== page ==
Overview Of Lattice Corneal Dystrophy Type II
Lattice corneal dystrophy type II is characterized by an accumulation of protein clumps called amyloid deposits in tissues throughout the body. The deposits frequently occur in blood vessel walls and basement membranes, which are thin, sheet-like structures that separate and support cells in many tissues. Amyloid deposits lead to characteristic signs and symptoms involving the eyes, nerves, and skin that worsen with age.
The earliest sign of this condition, which is usually identified in a person’s twenties, is an accumulation of amyloid deposits in the cornea (lattice corneal dystrophy). The cornea is the clear, outer covering of the eye. It is made up of several layers of tissue, and in lattice corneal dystrophy type II, the amyloid deposits form in the stromal layer. The amyloid deposits form as delicate, branching fibers that create a lattice pattern. Because these protein deposits cloud the cornea, they often lead to vision impairment. In addition, affected individuals can have recurrent corneal erosions, which are caused by the separation of particular layers of the cornea from one another. Corneal erosions are very painful and can cause sensitivity to bright light (photophobia). Amyloid deposits and corneal erosions are usually bilateral, which means they affect both eyes.
As lattice corneal dystrophy type II progresses, the nerves become involved, typically starting in a person’s forties. It is thought that the amyloid deposits disrupt nerve function. Dysfunction of the nerves in the head and face (cranial nerves) can cause paralysis of facial muscles (facial palsy); decreased sensations in the face (facial hypoesthesia); and difficulty speaking, chewing and swallowing. Dysfunction of the nerves that connect the brain and spinal cord to muscles and to sensory cells that detect sensations such as touch, pain, and heat (peripheral nerves) can cause loss of sensation and weakness in the limbs (peripheral neuropathy). Peripheral neuropathy usually occurs in the lower legs and arms, leading to muscle weakness, clumsiness, and difficulty sensing vibrations.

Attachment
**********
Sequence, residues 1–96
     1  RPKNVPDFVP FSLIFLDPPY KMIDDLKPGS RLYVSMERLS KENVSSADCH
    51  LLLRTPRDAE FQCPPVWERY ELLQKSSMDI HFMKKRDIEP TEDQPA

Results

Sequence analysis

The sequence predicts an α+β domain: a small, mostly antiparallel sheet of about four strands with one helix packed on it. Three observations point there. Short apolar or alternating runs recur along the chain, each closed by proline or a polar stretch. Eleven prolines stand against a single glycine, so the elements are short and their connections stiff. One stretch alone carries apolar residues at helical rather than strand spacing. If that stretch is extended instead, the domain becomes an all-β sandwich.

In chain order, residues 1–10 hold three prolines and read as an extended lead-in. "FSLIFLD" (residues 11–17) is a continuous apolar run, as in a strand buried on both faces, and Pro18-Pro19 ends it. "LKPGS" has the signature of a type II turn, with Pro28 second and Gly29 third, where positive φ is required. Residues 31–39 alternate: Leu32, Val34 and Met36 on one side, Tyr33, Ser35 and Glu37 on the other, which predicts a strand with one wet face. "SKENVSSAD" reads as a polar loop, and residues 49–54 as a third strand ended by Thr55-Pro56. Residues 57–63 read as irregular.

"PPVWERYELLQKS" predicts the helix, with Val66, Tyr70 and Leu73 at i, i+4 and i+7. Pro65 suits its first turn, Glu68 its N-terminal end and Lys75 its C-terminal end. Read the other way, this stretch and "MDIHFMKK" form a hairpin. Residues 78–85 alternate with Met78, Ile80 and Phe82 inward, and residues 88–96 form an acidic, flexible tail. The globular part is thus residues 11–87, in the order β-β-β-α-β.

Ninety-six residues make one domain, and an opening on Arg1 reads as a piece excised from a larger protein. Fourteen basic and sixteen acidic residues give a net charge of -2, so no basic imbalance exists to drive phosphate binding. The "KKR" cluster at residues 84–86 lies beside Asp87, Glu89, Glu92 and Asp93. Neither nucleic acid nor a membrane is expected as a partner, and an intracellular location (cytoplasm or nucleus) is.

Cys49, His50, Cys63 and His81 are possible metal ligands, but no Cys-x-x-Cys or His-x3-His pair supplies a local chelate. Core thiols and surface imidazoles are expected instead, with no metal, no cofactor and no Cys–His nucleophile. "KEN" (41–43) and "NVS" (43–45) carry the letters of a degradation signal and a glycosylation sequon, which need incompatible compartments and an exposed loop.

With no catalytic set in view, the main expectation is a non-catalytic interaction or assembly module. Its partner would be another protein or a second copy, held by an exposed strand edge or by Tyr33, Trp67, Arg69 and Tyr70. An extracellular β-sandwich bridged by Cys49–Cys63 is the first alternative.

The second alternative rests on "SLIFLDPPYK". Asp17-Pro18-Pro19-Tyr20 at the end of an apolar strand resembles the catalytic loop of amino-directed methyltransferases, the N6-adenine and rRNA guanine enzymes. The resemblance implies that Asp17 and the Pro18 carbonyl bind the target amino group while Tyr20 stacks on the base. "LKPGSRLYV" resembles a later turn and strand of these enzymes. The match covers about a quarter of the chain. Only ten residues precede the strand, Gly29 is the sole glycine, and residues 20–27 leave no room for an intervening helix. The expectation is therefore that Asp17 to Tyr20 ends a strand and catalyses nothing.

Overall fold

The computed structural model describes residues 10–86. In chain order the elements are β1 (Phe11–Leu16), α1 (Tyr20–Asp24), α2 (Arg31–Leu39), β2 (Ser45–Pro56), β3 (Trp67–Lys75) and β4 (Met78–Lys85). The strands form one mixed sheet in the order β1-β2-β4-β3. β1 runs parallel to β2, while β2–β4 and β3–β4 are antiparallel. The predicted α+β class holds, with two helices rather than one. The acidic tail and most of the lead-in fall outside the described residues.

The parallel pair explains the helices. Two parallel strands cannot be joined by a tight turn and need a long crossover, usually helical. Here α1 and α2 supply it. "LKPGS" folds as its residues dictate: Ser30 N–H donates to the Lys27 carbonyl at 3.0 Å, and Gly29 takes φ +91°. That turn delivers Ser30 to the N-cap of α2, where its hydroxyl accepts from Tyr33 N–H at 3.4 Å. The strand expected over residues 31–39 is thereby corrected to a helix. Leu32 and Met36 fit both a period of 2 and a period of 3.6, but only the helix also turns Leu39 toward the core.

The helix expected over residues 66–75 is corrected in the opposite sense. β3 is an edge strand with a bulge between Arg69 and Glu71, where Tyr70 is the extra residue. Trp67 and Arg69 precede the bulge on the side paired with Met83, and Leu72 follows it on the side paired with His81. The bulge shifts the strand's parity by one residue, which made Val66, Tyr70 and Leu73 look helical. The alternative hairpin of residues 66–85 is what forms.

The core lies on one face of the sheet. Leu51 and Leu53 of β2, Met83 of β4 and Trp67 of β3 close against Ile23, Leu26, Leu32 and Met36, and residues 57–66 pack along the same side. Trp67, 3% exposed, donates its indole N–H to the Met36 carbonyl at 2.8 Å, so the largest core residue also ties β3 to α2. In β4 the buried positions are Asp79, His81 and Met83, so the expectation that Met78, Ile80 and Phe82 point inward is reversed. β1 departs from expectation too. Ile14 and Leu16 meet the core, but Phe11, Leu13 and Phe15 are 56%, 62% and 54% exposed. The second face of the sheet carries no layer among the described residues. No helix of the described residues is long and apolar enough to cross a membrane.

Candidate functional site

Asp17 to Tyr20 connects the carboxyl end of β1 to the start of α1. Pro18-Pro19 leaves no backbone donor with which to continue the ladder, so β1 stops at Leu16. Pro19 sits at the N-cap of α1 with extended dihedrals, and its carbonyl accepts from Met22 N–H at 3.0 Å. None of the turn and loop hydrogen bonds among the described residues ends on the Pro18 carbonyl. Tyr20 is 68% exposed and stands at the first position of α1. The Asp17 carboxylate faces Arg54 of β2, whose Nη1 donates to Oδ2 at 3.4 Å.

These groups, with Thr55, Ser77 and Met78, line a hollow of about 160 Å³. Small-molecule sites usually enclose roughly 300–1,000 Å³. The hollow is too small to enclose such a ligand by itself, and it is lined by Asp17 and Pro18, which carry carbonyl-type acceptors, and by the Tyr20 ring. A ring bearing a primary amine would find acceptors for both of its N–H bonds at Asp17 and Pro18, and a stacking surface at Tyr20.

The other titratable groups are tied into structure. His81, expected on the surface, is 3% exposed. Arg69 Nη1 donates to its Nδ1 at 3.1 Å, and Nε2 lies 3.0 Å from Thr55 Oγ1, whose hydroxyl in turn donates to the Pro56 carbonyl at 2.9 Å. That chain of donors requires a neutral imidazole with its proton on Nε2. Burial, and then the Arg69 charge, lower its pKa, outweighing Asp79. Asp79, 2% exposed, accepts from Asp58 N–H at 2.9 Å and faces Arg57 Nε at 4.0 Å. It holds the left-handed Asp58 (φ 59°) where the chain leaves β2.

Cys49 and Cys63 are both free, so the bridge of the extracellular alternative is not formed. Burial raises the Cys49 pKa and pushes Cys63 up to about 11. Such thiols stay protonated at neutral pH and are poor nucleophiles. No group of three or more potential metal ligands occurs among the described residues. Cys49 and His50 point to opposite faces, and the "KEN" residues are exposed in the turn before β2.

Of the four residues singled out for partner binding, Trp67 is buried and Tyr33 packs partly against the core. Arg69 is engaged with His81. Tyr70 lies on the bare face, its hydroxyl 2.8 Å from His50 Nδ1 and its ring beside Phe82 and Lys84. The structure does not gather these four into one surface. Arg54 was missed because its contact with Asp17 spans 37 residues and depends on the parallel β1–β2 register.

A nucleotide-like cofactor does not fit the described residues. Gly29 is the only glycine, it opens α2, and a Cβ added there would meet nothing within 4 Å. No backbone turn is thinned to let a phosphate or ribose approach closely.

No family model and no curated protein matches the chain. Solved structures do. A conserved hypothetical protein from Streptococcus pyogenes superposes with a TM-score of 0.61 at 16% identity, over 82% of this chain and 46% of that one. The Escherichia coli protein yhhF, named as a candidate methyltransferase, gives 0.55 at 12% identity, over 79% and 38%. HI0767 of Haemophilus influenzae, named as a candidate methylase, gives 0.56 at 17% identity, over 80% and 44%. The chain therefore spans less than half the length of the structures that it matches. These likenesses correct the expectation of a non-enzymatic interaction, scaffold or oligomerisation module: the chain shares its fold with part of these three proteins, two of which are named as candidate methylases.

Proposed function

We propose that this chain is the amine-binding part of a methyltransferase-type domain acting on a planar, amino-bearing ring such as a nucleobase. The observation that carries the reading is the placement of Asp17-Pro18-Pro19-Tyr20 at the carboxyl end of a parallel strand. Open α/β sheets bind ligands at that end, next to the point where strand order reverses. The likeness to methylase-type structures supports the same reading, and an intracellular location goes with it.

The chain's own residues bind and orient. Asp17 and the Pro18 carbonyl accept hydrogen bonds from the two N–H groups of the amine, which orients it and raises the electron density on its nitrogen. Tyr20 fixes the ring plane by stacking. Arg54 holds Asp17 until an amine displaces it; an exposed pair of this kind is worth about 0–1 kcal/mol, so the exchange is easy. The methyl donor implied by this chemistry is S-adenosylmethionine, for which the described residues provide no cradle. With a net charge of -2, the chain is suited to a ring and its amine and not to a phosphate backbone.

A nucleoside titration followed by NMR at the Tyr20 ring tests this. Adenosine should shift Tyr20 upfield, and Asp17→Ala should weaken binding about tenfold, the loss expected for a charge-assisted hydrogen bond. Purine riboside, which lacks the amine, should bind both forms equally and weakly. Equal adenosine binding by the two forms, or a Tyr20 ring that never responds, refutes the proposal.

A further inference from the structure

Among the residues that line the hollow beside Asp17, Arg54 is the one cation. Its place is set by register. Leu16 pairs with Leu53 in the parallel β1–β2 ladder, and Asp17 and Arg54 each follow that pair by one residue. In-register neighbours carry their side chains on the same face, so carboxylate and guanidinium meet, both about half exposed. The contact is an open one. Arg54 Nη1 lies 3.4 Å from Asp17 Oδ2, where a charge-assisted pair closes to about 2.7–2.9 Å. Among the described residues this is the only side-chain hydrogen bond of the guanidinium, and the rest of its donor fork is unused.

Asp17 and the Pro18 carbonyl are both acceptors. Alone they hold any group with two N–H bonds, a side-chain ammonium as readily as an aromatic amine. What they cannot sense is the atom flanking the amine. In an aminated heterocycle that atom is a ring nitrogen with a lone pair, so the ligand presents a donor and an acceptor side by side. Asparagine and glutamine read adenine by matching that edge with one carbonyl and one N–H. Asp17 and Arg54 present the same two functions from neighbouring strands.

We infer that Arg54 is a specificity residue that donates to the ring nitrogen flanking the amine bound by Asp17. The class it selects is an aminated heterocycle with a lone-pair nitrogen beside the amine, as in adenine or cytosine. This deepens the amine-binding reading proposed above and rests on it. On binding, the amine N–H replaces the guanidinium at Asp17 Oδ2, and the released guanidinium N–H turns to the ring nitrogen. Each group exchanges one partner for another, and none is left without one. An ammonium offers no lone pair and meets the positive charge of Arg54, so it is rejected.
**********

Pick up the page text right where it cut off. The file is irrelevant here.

The skin is also commonly affected in people with this condition, typically beginning in a person’s forties. People with this condition may have thickened, sagging skin, especially on the scalp and forehead, and a condition called cutis laxa, which is characterized by loose skin that lacks elasticity. The skin can also be dry and itchy. Because of loose skin and muscle paralysis in the face, individuals with lattice corneal dystrophy type II can have a facial expression that appears sad.
Commonly Associated With
- amyloid cranial neuropathy with lattice corneal dystrophy
- amyloidosis due to mutant gelsolin
- amyloidosis V
- amyloidosis, Finnish type
- amyloidosis, Meretoja type
- familial amyloid polyneuropathy type IV
- familial amyloidosis, Finnish type
- gelsolin-related amyloidosis
- Kymenlaakso syndrome
- lattice corneal dystrophy, gelsolin type
- Meretoja syndrome
Causes Of Lattice Corneal Dystrophy Type II
This condition is caused by mutations in the GSN gene. This gene provides instructions for making a protein called gelsolin. This protein is found throughout the body and helps regulate the formation of the network of protein filaments that gives structure to cells (the cytoskeleton). Mutations that cause this condition change a single protein building block (amino acid) in the gelsolin protein. The altered gelsolin protein is broken down differently than the normal protein, which results in an abnormal gelsolin protein fragment that is released from the cell. These protein fragments clump together and form amyloid deposits, which lead to the signs and symptoms of lattice corneal dystrophy type II.
Lattice corneal dystrophy type II is a rare condition; however, the prevalence is unknown. While this condition can be found in populations worldwide, it was first described in Finland and is more common there.